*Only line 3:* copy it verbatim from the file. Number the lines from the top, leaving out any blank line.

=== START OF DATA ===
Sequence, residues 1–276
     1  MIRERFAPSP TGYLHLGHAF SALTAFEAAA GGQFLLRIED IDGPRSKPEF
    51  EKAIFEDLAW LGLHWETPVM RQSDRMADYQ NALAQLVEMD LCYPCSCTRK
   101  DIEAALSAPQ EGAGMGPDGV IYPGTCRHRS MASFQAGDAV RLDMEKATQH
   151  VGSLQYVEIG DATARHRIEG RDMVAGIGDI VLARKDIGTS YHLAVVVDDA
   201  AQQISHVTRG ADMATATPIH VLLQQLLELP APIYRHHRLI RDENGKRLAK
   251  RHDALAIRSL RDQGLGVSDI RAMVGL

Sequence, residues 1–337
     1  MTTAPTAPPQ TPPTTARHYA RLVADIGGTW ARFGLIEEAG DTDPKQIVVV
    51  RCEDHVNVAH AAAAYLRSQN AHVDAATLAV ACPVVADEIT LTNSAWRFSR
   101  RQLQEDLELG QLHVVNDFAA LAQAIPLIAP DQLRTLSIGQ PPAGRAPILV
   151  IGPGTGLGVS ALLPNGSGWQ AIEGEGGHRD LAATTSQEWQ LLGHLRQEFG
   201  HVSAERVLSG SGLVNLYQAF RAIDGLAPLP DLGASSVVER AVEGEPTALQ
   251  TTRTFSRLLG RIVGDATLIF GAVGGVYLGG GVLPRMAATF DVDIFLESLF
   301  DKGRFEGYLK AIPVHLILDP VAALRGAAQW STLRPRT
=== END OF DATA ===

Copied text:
    51  EKAIFEDLAW LGLHWETPVM RQSDRMADYQ NALAQLVEMD LCYPCSCTRK